Saturday, July 9, 2016

General Aviation is a Business Tool and Medical Lifeline -The Kathryn Report

by Charlie Haubrich
Charlie Haubrich is the retired President & CEO of QEI Corporation, a flight instructor, and a volunteer pilot for Angel Flight East.

New Jersey may seem like a world away from rural Wisconsin, but throughout my business life, sometimes that’s exactly where I needed to be by the end of the day.

My former employer, QEI Corporation, designs and manufactures high power radio frequency (RF) equipment for the scientific, medical, laser and broadcast industries. Our broadcasting equipment was sold all over the US and Canada, primarily to small and mid sized radio stations.

We knew we’d have to use general aviation to service our customers because most small and mid-sized radio stations are simply not near an airport served by the commercial airlines.

Carrying bulky, delicate test equipment and spare parts is very difficult on the airlines. We saved many overnight stays and car rentals by flying our own propeller driven plane directly to one of the thousands of small airports in the US, close to our customer’s location.

Having our own plane didn’t just help us transport equipment, but also sell our products. We often gave presentations as far away as Milwaukee. Using general aviation, I could give an early morning presentation in Milwaukee and be pretty much anywhere east of the Mississippi by the late afternoon.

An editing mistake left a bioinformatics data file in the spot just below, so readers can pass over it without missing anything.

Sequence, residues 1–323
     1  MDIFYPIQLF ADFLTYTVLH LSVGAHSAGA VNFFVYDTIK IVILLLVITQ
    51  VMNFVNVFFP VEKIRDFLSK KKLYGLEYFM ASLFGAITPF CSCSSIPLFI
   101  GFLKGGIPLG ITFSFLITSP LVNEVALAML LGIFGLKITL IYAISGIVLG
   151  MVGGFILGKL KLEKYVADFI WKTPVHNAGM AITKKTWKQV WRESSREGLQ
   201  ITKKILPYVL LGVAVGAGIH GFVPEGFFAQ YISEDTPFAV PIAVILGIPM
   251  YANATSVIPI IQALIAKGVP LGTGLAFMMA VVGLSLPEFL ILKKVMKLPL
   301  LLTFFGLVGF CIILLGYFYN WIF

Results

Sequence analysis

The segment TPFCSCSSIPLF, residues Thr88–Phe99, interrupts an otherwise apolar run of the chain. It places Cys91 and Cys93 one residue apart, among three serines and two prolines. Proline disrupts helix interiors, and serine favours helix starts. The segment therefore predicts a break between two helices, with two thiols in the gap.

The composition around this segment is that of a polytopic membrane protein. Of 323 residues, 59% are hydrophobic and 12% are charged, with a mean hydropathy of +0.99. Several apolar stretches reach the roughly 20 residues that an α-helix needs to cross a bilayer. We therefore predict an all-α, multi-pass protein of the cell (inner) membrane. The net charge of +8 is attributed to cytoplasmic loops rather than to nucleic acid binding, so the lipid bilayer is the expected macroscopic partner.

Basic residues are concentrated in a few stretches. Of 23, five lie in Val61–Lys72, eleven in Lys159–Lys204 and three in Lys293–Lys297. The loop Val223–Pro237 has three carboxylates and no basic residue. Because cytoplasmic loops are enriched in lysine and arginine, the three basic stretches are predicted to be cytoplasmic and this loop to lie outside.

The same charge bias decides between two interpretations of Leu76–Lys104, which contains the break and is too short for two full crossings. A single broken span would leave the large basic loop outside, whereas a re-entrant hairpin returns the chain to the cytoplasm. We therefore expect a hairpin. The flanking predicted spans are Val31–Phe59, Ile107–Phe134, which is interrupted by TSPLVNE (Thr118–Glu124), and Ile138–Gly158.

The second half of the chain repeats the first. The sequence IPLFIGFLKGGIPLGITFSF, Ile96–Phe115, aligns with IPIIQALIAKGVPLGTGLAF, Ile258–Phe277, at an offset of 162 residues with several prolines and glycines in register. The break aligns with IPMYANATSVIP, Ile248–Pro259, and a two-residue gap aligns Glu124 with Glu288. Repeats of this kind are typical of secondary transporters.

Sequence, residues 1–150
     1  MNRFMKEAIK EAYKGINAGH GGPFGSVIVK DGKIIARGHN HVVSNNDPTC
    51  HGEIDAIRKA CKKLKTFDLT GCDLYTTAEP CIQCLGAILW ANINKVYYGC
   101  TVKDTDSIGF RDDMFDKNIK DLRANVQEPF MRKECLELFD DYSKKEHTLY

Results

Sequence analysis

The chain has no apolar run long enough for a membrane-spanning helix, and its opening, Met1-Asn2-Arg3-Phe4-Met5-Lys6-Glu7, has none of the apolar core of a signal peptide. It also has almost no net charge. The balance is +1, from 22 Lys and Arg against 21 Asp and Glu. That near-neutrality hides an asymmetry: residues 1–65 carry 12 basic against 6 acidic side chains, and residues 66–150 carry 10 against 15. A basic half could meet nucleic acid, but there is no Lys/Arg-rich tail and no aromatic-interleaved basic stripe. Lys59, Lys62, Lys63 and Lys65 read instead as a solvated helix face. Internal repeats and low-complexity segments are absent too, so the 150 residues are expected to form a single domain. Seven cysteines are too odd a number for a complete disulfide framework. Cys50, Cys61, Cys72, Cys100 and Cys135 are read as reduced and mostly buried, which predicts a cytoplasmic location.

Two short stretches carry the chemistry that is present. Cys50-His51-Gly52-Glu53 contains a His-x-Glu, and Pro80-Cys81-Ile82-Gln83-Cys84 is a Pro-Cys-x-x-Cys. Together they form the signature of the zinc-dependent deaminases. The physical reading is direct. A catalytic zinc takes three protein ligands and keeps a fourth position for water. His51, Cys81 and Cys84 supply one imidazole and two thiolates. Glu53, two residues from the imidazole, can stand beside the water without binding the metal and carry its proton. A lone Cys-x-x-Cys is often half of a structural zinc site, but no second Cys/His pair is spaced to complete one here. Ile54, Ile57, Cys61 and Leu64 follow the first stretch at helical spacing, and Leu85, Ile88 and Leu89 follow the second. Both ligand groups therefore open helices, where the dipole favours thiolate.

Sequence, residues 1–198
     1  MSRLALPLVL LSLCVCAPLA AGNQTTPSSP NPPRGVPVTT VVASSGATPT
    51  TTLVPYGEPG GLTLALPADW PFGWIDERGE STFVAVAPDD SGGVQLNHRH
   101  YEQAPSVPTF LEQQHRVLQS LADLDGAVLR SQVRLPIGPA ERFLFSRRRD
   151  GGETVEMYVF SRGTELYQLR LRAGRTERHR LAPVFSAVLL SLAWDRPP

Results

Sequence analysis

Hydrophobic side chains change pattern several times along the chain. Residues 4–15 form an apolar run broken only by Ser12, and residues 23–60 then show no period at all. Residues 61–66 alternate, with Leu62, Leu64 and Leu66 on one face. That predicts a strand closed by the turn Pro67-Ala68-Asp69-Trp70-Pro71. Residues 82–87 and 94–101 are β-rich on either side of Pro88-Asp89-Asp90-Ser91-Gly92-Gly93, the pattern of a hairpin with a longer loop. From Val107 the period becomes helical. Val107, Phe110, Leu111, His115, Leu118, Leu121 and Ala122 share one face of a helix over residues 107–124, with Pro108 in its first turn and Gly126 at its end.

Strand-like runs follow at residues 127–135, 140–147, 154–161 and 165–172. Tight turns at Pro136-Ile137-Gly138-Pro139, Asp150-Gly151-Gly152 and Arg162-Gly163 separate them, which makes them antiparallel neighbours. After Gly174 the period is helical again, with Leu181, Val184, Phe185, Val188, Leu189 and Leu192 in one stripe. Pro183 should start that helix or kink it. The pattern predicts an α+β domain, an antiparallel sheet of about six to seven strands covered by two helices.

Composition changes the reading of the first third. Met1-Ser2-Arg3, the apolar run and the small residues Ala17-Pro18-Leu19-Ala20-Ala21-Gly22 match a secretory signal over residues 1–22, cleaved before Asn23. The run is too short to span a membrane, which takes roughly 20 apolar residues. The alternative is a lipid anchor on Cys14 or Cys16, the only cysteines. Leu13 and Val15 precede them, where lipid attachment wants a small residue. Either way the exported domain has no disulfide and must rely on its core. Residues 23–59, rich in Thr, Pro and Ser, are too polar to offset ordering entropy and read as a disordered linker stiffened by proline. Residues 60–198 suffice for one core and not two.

This would not be possible on commercial flights – even when they are on time.

General aviation was such a critical tool for our business that we decided to build a manufacturing plant next to the Cross Keys Airport near Williamstown. Many businesses look to locate near general aviation airports.

This brings jobs and economic growth to the airport’s community. In New Jersey, general aviation airports contribute $1.7 billion to the state’s economy and sustain over 18,000 local jobs.

In addition to supporting our economy, general aviation supports healthcare, emergency services, forest fire fighting and law enforcement. In New Jersey, aerial application supports our cranberry and blueberry crops, as well as mosquito and gypsy moth control. General aviation helicopters airlift patients from accidents for life-saving treatment.

As a volunteer pilot for Angel Flight East, I have seen firsthand how critical general aviation is to medical care. The Angel Flight network connects patients in need with volunteer pilots who provide free transportation to distant medical centers for specialty treatment.

On a recent mission, I flew a 13-month old child with a cardiac birth defect and her mother from Virginia to Children’s Hospital in Boston. There, a cardiac specialist was able to provide treatment that the little girl couldn’t receive near home. Between the expense and the child’s oxygen tank, flying a commercial airline was not an option for these parents.

Some lawmakers in DC don’t realize the importance of general aviation to our state. For example, a recent proposal in the U.S. House of Representatives includes a provision to privatize our air traffic control system, which is the best in the world and handles the most traffic. Imagine, our entire air traffic control system, no longer under the authority of Congress, but overseen by a private industry board.

This all may sound like a great idea on K Street, but I can assure you that it doesn’t work on Main Street, New Jersey.  Let’s urge our leaders to stand against this risky proposal and protect communities and businesses of all sizes.

Original article can be found here:

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